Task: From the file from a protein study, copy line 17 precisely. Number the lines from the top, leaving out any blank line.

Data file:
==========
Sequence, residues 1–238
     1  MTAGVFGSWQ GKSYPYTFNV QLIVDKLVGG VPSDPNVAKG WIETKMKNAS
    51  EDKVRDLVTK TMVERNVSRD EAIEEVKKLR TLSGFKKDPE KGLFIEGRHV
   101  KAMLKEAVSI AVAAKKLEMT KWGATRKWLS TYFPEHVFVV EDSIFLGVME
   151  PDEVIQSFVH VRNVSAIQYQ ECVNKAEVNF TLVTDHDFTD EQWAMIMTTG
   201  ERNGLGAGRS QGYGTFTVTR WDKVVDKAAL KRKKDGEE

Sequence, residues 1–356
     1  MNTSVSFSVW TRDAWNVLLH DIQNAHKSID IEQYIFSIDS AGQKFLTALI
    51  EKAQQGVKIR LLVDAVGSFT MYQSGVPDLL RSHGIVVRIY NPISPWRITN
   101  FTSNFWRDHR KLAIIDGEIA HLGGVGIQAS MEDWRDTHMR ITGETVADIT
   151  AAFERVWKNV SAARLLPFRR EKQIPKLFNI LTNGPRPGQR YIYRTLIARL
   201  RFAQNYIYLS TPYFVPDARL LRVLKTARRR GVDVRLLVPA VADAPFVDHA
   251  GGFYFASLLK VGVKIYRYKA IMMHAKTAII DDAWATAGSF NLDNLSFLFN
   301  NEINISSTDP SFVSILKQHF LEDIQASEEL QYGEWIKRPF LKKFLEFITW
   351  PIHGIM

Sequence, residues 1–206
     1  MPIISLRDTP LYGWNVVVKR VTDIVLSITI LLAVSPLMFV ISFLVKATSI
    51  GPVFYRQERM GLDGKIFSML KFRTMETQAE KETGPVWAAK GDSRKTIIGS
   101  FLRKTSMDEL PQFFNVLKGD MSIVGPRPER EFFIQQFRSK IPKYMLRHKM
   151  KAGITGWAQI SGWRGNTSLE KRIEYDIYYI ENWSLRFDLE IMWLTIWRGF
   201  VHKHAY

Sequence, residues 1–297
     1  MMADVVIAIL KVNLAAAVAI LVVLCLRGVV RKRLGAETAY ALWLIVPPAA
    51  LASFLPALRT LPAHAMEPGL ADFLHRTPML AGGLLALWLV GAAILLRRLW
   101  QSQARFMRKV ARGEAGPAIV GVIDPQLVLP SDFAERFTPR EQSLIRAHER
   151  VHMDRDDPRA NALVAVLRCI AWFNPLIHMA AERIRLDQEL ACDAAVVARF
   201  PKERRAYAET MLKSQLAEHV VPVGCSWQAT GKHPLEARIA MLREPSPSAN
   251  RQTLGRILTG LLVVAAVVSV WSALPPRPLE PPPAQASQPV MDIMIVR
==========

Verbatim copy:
     1  MPIISLRDTP LYGWNVVVKR VTDIVLSITI LLAVSPLMFV ISFLVKATSI